Modern inkjets are able to print in colour and black and white, but the way they switch between the two modes varies between different models. The basic design is determined by the number of inks in the machine. Printers containing four colours - cyan, yellow, magenta, and black (CMYK) - can switch between black and white text and colour images all on the same page with no problem. Printers equipped with only three colours, can"t.
Many of the cheaper inkjet models have room for only one cartridge. You can set them up with a black ink cartridge for monochrome printing, or a three-colour cartridge (CMY) for colour printing, but you can"t set them up for both at the same time. This makes a big difference to the operation of the printer. Each time you want to change from black and white to colour, you must physically swap over the cartridges. When you use black on a colour page, it will be made up from the three colours, which tends to result in an unsatisfactory dark green or grey colour usually referred to as composite black. However, the composite black produced by current inkjet printers is much better than it was a few years ago due to the continual advancements in ink chemistry.
The two main determinants of colour print quality are resolution, measured in dots per inch (dpi), and the number of levels or graduations that can be printed per dot. Generally speaking, the higher the resolution and the more levels per dot, the better the overall print quality.
In practice, most printers make a trade-off, some opting for higher resolution and others settling for more levels per dot, the best solution depending on the printer's intended use. Graphic arts professionals, for example, are interested in maximising the number of levels per dot to deliver "photographic" image quality, while general business users will require reasonably high resolution so as to achieve good text quality as well as good image quality.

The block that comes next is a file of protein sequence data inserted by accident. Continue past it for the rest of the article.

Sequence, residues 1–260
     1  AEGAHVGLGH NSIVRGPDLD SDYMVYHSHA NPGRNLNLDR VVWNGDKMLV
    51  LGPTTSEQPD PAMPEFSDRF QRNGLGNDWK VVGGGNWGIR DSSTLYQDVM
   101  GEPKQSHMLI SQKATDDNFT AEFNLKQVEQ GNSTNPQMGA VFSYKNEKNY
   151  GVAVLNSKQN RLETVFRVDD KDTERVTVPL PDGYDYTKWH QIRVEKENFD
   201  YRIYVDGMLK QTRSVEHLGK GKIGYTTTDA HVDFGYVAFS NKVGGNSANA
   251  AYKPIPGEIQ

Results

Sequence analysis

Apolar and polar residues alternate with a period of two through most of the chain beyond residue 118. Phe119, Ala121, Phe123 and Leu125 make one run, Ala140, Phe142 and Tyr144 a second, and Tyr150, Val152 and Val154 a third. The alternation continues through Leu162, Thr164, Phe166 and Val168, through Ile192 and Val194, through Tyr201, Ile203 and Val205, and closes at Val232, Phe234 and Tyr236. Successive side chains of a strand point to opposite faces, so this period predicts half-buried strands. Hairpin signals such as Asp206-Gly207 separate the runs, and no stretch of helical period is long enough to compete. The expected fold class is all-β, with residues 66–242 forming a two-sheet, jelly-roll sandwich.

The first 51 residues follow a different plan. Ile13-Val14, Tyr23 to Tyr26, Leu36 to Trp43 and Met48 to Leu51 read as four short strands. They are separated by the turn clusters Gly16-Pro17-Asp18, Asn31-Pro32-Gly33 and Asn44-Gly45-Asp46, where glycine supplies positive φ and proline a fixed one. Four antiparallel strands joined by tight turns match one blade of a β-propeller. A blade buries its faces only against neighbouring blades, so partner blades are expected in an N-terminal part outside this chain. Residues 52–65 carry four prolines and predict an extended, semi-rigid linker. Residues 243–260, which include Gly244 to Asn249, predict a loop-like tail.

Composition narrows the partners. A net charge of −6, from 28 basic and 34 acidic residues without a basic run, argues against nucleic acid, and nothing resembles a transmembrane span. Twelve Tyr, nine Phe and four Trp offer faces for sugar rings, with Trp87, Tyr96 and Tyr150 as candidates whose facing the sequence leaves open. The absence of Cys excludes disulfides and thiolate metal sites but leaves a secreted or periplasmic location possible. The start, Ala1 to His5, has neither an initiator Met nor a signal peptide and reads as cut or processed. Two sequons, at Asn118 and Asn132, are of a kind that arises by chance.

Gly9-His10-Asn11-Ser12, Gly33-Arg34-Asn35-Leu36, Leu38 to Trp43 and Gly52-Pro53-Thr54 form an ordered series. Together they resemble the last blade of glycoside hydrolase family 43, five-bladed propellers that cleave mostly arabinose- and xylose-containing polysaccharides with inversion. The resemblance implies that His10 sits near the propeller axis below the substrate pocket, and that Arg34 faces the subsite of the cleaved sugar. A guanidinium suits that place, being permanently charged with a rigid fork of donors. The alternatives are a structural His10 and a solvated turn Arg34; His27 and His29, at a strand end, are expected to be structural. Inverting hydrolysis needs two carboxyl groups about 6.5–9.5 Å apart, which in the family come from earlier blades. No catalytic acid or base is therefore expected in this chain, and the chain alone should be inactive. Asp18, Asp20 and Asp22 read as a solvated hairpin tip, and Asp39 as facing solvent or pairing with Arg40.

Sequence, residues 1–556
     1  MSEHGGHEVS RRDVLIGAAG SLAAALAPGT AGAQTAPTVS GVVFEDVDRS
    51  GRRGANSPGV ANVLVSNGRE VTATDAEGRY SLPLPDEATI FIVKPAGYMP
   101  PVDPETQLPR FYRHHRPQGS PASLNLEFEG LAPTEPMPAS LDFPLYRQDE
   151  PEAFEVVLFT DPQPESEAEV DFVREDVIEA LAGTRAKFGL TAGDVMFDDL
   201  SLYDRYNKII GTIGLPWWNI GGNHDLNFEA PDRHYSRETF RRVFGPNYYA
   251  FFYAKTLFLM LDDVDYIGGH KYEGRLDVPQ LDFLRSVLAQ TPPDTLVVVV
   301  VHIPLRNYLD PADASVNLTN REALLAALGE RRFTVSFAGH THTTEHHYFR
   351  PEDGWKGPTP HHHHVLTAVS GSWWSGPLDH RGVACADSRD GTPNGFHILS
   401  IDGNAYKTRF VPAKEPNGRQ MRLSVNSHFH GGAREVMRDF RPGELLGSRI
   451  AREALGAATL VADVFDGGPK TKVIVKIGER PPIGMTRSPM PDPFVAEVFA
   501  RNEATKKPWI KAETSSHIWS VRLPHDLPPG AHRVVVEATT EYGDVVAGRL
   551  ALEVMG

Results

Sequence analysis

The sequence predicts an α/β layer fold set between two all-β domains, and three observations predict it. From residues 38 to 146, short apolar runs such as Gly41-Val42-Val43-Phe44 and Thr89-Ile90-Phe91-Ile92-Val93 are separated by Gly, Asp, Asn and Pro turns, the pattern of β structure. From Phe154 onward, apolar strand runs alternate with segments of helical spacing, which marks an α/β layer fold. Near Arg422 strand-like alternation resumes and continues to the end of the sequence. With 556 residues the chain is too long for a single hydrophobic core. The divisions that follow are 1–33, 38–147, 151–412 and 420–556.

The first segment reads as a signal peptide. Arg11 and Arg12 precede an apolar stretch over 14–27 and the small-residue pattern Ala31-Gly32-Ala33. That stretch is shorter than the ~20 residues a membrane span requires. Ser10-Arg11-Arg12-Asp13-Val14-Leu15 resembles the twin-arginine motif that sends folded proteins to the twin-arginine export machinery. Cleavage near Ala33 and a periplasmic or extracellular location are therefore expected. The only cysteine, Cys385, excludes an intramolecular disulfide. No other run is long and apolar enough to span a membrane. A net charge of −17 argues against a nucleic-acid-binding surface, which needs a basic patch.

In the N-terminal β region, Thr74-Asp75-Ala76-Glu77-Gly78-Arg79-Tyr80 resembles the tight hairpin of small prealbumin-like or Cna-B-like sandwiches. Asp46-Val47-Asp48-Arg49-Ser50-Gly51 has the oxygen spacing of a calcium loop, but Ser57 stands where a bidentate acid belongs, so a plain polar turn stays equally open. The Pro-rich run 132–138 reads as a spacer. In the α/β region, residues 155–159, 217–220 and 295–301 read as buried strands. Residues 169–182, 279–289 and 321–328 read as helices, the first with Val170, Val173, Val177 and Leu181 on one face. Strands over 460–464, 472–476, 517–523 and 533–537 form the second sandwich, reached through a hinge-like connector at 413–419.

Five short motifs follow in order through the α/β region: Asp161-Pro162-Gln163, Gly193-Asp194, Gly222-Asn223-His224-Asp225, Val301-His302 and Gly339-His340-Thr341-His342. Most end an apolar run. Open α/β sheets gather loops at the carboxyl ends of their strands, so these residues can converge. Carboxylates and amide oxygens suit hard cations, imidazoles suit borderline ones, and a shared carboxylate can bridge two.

The simplest type of colour printer is a binary device in which the cyan, magenta, yellow and black dots are either "on" (printed) or "off" (not printed), with no intermediate levels possible. If ink (or toner) dots can be mixed together to make intermediate colours, then a binary CMYK printer can only print eight "solid" colours (cyan, magenta, yellow, red, green and blue, plus black and white). Clearly this isn't a big enough palette to deliver good colour print quality, which is where halftoning comes in.
Halftoning algorithms divide a printer's native dot resolution into a grid of halftone cells and then turn on varying numbers of dots within these cells in order to mimic a variable dot size. By carefully combining cells containing different proportions of CMYK dots, a halftoning printer can "fool" the human eye into seeing a palette of millions of colours rather than just a few.
In continuous tone printing there's an unlimited palette of solid colours. In practice, "unlimited" means 16.7 million colours, which is more than the human eye can distinguish. To achieve this, the printer must be able to create and overlay 256 shades per dot per colour, which obviously requires precise control over dot creation and placement. Continuous tone printing is largely the province of dye sublimation printers. However, all of the mainstream printing technologies can produce multiple shades (usually between 4 and 16) per dot, allowing them to deliver a richer palette of solid colours and smoother halftones. Such devices are referred to as "contone" printers.
Recently, "six-colour" inkjet printers have appeared on the market, specifically targeted at delivering "photographic-quality" output. These devices add two further inks - light cyan and light magenta - to make up for current inkjet technology's inability to create very small (and therefore light) dots. Six-colour inkjets produce more subtle flesh tones and finer colour graduations than standard CMYK devices, but are likely to become unnecessary in the future, when ink drop volumes are expected to shrink to around 2 to 4 picolitres. Smaller drop sizes will also reduce the amount of halftoning required, as a wider range of tiny drops can be combined to create a bigger palette of solid colours.
Long-time market leader Hewlett-Packard has consistently espoused the advantages of improving colour print quality by increasing the number of colours that can be printed on an individual dot rather than simply increasing dpi, arguing that the latter approach both sacrifices speed and causes problems arising from excess ink - especially on plain paper. HP manufactured the first inkjet printer to print more than eight colours (or two drops of ink) on a dot in 1996, it's DeskJet 850C being capable of printing up to four drops of ink on a dot. Over the years it has progressively refined its PhotoREt colour layering technology to the point where, by late 1999, it was capable of producing an extremely small 5pl drop size and up to 29 ink drops per dot - sufficient to represent over 3,500 printable colours per dot.